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National Journal Technology Daily
National Journal Technology Daily
May 5, 2000 PM Edition
Committee To Address Bill Eliminating H-1B Cap
The House Judiciary Committee is expected to take up a controversial
bill on Tuesday that would temporarily eliminate the cap on H-1B visas but
includes restrictions opposed by high-tech companies, which favor a
bipartisan competing bill.
The legislation, H.R. 4227, sponsored by Rep. Lamar Smith, R-TX,
would eliminate the cap on H-1B visas, which allow skilled foreign workers
to stay in the United States for up to six years, through 2002 and
includes several worker protection and anti-fraud provisions. The
provisions include language that would prevent companies, beginning in
2001, from using the additional visas provided by the bill unless
employers have increased the number of U.S. workers and their compensation
in the previous year. It also requires companies to pay H-1B holders at
least ,000 a year, a measure aimed at ensuring the visas aren't used to
bring in cheaper foreign labor.
The measure moves closer to industry's position than the first bill,
H.R. 3814, Smith, chairman of the House Judiciary Committee's immigration
panel, introduced earlier this year. But business interests still oppose
H.R. 4227, approved last month by Smith's subcommittee, because of the
restrictions attached to the additional visas.
They prefer a bill, H.R. 3983, sponsored by Rules Committee Chairman
David Dreier, R-CA, that would increase the cap to 200,000 from 2000-2003
and has broad bipartisan support. The current cap for this year is
During Tuesday's markup, Rep. Zoe Lofgren, D-CA, H.R. 3983's chief
co-sponsor, may offer a version of that bill as a substitute amendment.
Some Democrats have grown increasingly wary that the GOP leadership
may be reluctant to snub Smith by moving the Dreier-Lofgren bill instead
of his even though H.R. 3983 has more support. The bill has 60 bipartisan
co-sponsors compared with the two Republican ones on H.R. 4227.
But Rep. Tom Davis, R-VA, a member of the GOP leadership active on
high-tech issues, said Thursday that many of the restrictions opposed by
industry in Smith's bill "will come off" at some point in the process.
But he said the bill will have to retain some anti-fraud and worker
"This is not a popular bill with the public," Davis said. "It's
popular with the CEOs."
A spokesman for Smith said his boss has been meeting with House
members and others this week to discuss his bill but would not say whether
he may would make changes to the measure.
- by Juliana Gruenwald
New Your Daily News article.
New York Daily News - Opinion
Wednesday, May 3, 2000
Pols Are Going Overboard On Visa Program
By Lars Erik Nelson
Here can you hire a skilled young computer programmer who will work long
hours without protest and who can't quit for a better-paying job?
Even though the country is awash in computer professionals, employers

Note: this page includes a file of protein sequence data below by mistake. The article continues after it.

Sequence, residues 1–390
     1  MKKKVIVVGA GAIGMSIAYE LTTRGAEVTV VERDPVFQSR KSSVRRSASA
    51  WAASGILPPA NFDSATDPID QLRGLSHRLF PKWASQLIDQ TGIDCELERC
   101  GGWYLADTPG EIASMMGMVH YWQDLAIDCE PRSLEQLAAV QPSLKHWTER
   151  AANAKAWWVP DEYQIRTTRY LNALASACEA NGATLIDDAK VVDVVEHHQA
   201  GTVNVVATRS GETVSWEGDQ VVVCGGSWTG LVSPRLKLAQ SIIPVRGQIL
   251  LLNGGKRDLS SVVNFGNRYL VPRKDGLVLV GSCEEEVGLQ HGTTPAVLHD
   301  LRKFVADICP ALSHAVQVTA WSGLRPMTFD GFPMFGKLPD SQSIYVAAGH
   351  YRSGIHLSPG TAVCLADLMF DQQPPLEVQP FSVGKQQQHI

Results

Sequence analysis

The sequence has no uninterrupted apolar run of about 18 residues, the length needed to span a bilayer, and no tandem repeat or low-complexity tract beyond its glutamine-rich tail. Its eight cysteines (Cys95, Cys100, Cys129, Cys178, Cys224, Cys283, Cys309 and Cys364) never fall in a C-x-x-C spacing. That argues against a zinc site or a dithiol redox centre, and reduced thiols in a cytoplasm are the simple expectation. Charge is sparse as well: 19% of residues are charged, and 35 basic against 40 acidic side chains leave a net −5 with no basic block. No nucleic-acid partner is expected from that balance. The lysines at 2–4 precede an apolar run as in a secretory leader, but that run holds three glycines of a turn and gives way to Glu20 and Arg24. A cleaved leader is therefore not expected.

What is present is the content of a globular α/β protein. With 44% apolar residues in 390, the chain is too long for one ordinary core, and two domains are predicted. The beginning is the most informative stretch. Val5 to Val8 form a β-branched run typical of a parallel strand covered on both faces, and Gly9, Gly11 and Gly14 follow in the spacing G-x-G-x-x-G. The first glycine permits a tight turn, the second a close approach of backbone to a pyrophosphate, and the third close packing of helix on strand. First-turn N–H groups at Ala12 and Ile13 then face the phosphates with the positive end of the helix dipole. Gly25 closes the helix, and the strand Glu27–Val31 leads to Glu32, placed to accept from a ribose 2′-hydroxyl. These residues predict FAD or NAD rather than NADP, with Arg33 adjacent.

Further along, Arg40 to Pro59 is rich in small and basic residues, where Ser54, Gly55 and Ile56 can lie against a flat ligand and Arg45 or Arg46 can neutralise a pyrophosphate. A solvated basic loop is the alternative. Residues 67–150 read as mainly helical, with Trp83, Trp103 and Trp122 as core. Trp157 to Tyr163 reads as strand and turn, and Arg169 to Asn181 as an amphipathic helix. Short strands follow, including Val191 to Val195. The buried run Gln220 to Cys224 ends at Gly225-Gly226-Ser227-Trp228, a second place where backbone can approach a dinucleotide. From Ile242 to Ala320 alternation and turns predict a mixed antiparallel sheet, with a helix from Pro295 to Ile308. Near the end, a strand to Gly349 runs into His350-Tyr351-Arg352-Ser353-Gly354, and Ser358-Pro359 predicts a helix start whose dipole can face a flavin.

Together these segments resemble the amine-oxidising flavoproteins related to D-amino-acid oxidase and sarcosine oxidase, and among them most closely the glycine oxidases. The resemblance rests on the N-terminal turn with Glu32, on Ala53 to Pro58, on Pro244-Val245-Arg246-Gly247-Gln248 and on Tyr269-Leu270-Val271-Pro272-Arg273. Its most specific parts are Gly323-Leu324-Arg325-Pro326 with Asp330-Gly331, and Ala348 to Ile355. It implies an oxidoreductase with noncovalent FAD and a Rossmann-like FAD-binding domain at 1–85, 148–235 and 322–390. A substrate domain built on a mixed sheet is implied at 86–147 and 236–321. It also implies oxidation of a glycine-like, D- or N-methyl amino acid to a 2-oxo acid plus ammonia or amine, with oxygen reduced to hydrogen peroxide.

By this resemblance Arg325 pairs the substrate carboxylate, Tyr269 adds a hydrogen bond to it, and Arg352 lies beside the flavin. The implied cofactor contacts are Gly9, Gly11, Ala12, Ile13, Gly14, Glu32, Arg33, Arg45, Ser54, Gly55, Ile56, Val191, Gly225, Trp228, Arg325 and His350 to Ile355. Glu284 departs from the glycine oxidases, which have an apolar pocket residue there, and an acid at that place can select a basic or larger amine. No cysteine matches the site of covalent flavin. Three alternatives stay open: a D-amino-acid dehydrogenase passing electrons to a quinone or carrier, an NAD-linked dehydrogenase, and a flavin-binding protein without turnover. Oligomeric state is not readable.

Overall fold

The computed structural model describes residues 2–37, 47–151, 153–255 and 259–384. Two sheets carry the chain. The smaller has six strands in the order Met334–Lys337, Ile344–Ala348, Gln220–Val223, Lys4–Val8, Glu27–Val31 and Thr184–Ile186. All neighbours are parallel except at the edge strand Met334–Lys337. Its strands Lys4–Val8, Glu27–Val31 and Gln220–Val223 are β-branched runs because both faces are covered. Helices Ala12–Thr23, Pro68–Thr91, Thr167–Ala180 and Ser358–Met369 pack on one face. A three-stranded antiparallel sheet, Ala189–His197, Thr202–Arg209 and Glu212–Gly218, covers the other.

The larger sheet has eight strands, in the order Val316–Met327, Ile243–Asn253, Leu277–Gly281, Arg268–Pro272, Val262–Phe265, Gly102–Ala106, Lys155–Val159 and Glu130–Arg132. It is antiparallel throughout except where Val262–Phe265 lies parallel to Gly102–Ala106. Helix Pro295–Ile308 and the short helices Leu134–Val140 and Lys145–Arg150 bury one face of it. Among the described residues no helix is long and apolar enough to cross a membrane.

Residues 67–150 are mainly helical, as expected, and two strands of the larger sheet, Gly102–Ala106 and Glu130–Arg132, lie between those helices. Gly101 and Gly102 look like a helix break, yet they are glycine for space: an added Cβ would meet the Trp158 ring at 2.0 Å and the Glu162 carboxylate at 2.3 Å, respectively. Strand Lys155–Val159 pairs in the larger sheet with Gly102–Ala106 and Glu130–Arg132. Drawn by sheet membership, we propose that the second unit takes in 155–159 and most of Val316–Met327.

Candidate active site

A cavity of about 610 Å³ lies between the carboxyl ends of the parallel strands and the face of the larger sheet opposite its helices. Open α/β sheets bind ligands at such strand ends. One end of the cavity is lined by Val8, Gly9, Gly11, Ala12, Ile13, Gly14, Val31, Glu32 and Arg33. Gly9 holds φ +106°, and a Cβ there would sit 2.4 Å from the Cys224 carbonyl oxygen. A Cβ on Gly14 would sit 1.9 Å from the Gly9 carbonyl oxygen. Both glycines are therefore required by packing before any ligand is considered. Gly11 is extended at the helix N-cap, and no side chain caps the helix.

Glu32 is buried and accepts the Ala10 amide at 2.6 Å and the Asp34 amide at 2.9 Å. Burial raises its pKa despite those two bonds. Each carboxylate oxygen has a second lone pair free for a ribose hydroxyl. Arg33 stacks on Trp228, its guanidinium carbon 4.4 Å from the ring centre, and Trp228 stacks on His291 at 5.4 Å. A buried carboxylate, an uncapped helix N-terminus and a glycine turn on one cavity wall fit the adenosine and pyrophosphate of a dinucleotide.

complain that after age 35 or so they are out of touch with the latest
computer languages and, worse, want to stay home at nights with the wife
and kids. New blood is desperately needed.
The easy solution is to bring in workers from overseas. They're willing to
work for 40% less than their American counterparts, according to one
headhunter, and if they quit their jobs, they face deportation.
The H-1B visa program that brings in these foreign workers helps the
computer industry attract the world's talent. But it also has exposed
U.S.-born and immigrant workers to unfair competition, chiefly lower wages
and age discrimination.
Horror stories abound: Highly educated 43-year-old computer experts are
working as telephone repairers and salesclerks because they're either
"overqualified" or not conversant with a computer language they could pick
up with a couple weeks' on-the-job training.
The H-1B program has become a government-aided form of job discrimination
against older workers. Immigration lawyers even advise employers how to
reject all American applicants for jobs so they can hire cheaper
Despite these complaints, both Republicans and Democrats want to lift the
current cap of 115,000 H-1B visas each year and let in even more foreign
workers. One Republican proposal would remove the cap altogether.
Rep. Lamar Smith (R-Tex.) is willing to allow in an unlimited number of
foreign workers, provided they receive a minimum wage of ,000 a year.
This wage wouldn't stop the reputable computer companies from importing
professionals, but it would undermine the "body shops" - the temp services
that import workers under the H-1B program and lease them out at low wages.
Smith was long a foe of the H-1B program on the grounds that it hurt U.S.
workers, but he was converted by lobbyists from high-tech industries
complaining of a labor shortage.
"Lamar's bill would raise the numbers to infinity," complains Prof. Norman
Matloff of the University of California. "And no matter what restrictions
he puts on it, the employers know how to get around them."
Matloff says, furthermore, that there is no shortage of computer
professionals in America, and that the abuses in the H-1B program are worse
But both Republicans and Democrats want to raise the limit. The reason is
clear: The two parties have collected more than million from businesses
that used the H-1B program in the last year.
Rep. Tom Davis (R-Va.), chairman of the Republican Congressional Campaign
Committee, makes the link even more explicit. When asked whether
Republicans should side with the computer-industry workers or the
employers, he said, "This is a very important issue for the high-tech
executives who give the money."
Davis is good man, but his position is enough to make you wish for a visa
program to import congressmen.